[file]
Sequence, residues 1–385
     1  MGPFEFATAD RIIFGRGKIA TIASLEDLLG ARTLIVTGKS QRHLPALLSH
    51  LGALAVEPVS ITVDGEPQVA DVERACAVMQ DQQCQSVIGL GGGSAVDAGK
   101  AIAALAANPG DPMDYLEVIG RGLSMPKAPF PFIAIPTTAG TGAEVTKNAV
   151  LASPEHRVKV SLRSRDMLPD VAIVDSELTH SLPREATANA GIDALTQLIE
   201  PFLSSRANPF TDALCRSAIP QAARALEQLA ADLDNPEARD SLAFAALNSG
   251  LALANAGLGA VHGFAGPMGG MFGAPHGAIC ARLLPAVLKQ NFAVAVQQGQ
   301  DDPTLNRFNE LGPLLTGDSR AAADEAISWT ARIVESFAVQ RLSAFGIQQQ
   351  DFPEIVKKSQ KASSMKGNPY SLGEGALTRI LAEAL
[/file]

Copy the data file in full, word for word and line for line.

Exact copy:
Sequence, residues 1–385
     1  MGPFEFATAD RIIFGRGKIA TIASLEDLLG ARTLIVTGKS QRHLPALLSH
    51  LGALAVEPVS ITVDGEPQVA DVERACAVMQ DQQCQSVIGL GGGSAVDAGK
   101  AIAALAANPG DPMDYLEVIG RGLSMPKAPF PFIAIPTTAG TGAEVTKNAV
   151  LASPEHRVKV SLRSRDMLPD VAIVDSELTH SLPREATANA GIDALTQLIE
   201  PFLSSRANPF TDALCRSAIP QAARALEQLA ADLDNPEARD SLAFAALNSG
   251  LALANAGLGA VHGFAGPMGG MFGAPHGAIC ARLLPAVLKQ NFAVAVQQGQ
   301  DDPTLNRFNE LGPLLTGDSR AAADEAISWT ARIVESFAVQ RLSAFGIQQQ
   351  DFPEIVKKSQ KASSMKGNPY SLGEGALTRI LAEAL